As they were entering Egypt, Abram glimpsed Sarai's reflection
in the Nile River. Though he had been married to her for years,
this moment is positioned in a rabbinic narrative as a revelation.
"Now I know you are a beautiful woman," he says; at that moment he
also knows himself as a desiring subject, and knows too to become
afraid for his own life due to the desiring gazes of others.
There are few scenes in rabbinic literature that so explicitly
stage a character's apprehension of his or her own or another's
literal reflection. Still, Dina Stein argues, the association of
knowledge and reflection operates as a central element in rabbinic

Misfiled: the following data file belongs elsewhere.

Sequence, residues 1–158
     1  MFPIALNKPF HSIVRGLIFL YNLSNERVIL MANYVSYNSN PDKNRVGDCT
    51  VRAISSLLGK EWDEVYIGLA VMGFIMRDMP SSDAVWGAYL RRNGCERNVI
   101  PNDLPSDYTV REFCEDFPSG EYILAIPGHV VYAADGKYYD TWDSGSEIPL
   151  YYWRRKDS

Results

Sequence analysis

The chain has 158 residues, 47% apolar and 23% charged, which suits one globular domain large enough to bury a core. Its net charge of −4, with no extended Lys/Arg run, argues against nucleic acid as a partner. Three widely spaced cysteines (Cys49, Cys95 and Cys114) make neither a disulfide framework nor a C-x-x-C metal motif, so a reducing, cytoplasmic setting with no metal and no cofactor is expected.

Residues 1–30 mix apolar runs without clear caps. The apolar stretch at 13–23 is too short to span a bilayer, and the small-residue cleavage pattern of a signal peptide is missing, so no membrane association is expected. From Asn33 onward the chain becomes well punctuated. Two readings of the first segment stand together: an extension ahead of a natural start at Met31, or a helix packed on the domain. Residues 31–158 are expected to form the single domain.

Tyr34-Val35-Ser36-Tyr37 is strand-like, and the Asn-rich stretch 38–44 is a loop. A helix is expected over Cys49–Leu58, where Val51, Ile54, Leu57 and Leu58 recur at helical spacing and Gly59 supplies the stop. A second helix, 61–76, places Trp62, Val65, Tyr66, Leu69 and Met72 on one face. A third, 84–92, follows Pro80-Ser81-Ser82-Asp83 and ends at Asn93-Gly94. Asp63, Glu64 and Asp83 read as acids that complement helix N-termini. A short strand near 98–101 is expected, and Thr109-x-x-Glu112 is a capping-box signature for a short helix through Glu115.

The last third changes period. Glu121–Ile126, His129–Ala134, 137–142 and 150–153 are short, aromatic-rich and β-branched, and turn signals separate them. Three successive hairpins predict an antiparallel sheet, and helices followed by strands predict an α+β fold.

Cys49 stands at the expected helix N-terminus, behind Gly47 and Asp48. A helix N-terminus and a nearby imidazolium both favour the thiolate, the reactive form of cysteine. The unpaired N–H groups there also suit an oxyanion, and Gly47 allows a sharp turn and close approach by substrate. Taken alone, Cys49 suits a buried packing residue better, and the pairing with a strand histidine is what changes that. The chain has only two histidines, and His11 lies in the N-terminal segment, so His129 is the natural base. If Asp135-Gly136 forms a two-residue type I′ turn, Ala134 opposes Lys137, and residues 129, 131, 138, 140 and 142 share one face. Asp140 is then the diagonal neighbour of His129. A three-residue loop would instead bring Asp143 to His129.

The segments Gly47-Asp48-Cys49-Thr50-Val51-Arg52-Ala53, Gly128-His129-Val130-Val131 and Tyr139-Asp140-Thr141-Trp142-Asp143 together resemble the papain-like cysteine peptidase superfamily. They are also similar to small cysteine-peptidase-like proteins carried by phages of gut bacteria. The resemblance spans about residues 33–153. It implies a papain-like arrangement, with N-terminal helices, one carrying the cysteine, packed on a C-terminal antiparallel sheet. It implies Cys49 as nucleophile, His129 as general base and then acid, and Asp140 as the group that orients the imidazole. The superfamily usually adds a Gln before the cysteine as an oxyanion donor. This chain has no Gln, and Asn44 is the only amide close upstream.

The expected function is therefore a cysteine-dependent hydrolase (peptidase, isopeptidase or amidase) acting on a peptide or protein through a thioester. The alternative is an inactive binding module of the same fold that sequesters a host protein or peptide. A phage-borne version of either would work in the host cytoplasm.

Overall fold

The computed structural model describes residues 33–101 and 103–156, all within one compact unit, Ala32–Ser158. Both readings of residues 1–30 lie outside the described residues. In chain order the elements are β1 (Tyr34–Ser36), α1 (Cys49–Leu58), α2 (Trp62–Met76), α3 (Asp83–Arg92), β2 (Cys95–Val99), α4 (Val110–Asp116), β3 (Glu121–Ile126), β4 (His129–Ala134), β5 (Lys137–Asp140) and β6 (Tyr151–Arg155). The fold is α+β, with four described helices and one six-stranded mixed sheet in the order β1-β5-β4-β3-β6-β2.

texts. Midrash explicitly refers to other texts; biblical texts are
both reconstructed and taken apart in exegesis, and midrashic
narrators are situated liminally with respect to the tales they
tell. This inherent structural quality underlies the propensity of
rabbinic literature to reflect or refer to itself, and the "self"
that is the object of reflection is not just the narrator of a tale
but a larger rabbinic identity, a coherent if polyphonous entity
that emerges from this body of texts.
Textual Mirrors draws on literary theory, folklore
studies, and semiotics to examine stories in which self-reflexivity
operates particularly strongly to constitute rabbinic identity
through the voices of Simon the Just and a handsome shepherd, the
daughter of Asher, the Queen of Sheba, and an unnamed maidservant.
In Stein's readings, these self-reflexive stories allow us to go
through the looking glass: where the text comments upon itself, it
both compromises the unity of its underlying principles-textual,
religious, and ideological-and confirms it.
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